When Michael reappeared Anthony adopted an innocent demeanour and gazed drunkenly at the décor which wrapped the walls, hoping he could squeeze another few drinks out of the evening.

“Right, Anto. I’m closing up,” Michael said as he took up the brandy glass  in his hand, a slight double take trying to recall if he’d finished it or not.

“It’s not even 11, Mick. You can’t close up yet,” Anthony pleaded as he squeezed the last from his bottle of stout and handed it over.

“You’re lucky I open up at all! I’m 91 years of age, Anthony and I can do as I please.”

“At least give us one more. Quick pint?”

Michael thought for a moment, looking at his watch before putting his hand on the tap. “Do you know what tonight is?” He pulled it downward, beginning a steady pour.

“Sunday?”

“Sunday! Do you know what Sunday?” Michael said as he handed over a mug. Raising Anthony’s drink allowance by one.

Anthony took a mouthful then shrugged. Michael, in careful strides, moved slowly around to the other side of the bar. “This Sunday. The year being 1986 as you know. Providing the winds are on our side Halley’s Comet will be visible,” he said, taking a peek out the window before drawing the curtain shut.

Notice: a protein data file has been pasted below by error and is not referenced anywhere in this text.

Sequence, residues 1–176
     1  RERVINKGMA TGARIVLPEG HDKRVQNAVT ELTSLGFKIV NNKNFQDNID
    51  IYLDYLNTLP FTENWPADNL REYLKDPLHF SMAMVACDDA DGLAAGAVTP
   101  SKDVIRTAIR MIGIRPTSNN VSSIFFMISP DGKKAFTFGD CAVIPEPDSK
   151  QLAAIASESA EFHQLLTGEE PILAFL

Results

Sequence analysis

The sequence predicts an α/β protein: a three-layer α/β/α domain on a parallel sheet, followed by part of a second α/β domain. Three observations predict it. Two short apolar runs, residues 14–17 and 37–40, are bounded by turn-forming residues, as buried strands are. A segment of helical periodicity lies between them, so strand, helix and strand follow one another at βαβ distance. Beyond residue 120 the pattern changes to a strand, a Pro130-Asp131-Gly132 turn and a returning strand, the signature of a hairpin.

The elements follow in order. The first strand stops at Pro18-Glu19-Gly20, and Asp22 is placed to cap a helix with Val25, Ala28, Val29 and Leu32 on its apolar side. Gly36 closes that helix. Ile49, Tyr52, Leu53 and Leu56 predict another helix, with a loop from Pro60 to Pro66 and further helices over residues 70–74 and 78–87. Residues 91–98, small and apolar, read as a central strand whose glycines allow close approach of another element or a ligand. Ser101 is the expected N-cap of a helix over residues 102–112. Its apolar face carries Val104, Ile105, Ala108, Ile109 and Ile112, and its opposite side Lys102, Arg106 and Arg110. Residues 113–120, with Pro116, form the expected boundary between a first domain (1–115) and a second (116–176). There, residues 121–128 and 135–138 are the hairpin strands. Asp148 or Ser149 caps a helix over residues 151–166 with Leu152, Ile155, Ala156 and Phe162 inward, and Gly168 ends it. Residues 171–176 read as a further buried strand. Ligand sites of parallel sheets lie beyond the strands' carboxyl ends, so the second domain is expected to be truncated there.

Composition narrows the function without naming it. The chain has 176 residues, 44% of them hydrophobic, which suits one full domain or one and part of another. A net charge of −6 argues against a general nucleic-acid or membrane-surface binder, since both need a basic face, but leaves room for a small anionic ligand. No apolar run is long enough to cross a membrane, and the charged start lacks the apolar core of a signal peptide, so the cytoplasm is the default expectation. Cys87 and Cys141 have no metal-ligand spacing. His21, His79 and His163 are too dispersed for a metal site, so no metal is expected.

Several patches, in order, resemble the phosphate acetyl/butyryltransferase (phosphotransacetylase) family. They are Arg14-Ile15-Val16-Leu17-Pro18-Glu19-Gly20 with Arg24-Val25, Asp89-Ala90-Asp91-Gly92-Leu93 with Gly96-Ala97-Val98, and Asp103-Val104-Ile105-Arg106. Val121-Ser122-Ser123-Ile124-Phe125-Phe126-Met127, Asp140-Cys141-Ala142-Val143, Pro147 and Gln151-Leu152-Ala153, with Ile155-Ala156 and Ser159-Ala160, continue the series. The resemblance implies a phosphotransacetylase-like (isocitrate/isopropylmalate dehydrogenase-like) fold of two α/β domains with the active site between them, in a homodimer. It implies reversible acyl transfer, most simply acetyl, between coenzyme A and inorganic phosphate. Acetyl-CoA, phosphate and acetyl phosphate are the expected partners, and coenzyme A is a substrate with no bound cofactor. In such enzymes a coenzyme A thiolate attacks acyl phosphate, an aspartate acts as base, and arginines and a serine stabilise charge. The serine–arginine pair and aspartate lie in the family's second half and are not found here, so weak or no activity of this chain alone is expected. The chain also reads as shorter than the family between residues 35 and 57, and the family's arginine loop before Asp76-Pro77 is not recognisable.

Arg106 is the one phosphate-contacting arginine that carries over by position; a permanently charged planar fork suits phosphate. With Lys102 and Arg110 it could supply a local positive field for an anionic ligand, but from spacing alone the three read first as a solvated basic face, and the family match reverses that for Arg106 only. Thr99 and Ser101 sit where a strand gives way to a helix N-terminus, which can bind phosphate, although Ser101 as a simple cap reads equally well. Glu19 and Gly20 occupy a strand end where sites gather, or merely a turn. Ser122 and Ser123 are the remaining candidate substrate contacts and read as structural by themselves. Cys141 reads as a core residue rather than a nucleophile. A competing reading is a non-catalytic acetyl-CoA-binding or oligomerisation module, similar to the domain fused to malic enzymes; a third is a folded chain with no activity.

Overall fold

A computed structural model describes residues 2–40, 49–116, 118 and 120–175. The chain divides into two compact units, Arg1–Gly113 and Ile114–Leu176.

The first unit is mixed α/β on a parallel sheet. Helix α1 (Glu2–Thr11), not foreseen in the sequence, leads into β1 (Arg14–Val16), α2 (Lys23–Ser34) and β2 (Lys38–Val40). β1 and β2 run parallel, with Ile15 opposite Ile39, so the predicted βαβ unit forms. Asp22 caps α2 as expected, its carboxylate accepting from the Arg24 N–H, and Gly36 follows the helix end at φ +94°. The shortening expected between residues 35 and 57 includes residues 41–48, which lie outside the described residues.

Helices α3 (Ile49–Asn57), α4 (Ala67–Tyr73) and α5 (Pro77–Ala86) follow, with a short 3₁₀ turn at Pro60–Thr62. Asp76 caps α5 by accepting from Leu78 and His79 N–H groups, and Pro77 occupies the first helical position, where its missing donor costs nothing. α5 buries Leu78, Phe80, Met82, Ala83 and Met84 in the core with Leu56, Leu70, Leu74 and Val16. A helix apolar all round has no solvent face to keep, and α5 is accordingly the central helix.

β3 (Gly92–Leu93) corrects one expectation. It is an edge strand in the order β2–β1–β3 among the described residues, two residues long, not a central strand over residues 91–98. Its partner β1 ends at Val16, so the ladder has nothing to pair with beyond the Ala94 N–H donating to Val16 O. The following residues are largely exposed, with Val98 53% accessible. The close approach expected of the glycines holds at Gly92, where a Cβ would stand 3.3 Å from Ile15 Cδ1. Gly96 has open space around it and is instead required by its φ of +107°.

Off Anthony’s clueless hush, he continued, “there was this huge fuss over it because everyone was saying it could collide with the Earth and it’d the end of us,” Michael inserted a dramatic pause that seemed to have no affect on Anthony. “But it didn’t bother me none, I just wanted to get a look at the thing. It was 1910. I was less than half your age, if even. The thing was around for a month, but sure Ireland being itself, the cloud coverage was a bit problematic. The last day, though. It was perfect. Not a cloud in the sky and it was warm enough as well. It being May and all. The Summer was in. So myself and herself borrowed a bottle brandy from the father went down to the field with a blanket for the bit of stargazing,” Michael laughed with a suggestive emphasis on his final word.

“More than stars were shooting that night, aye?” Anthony chimed, perking up at the mention of a female and drink.

“You know yourself, like,” Michael slapped the countertop. “And we were sort of awkwardly sitting there not knowing what to say, as fifteen year olds do. I’m there sweating seeing as I’d literally promised her the stars. Just saying over and over: ‘it’ll be along soon, it’ll be along soon. Just wait. Just wait.’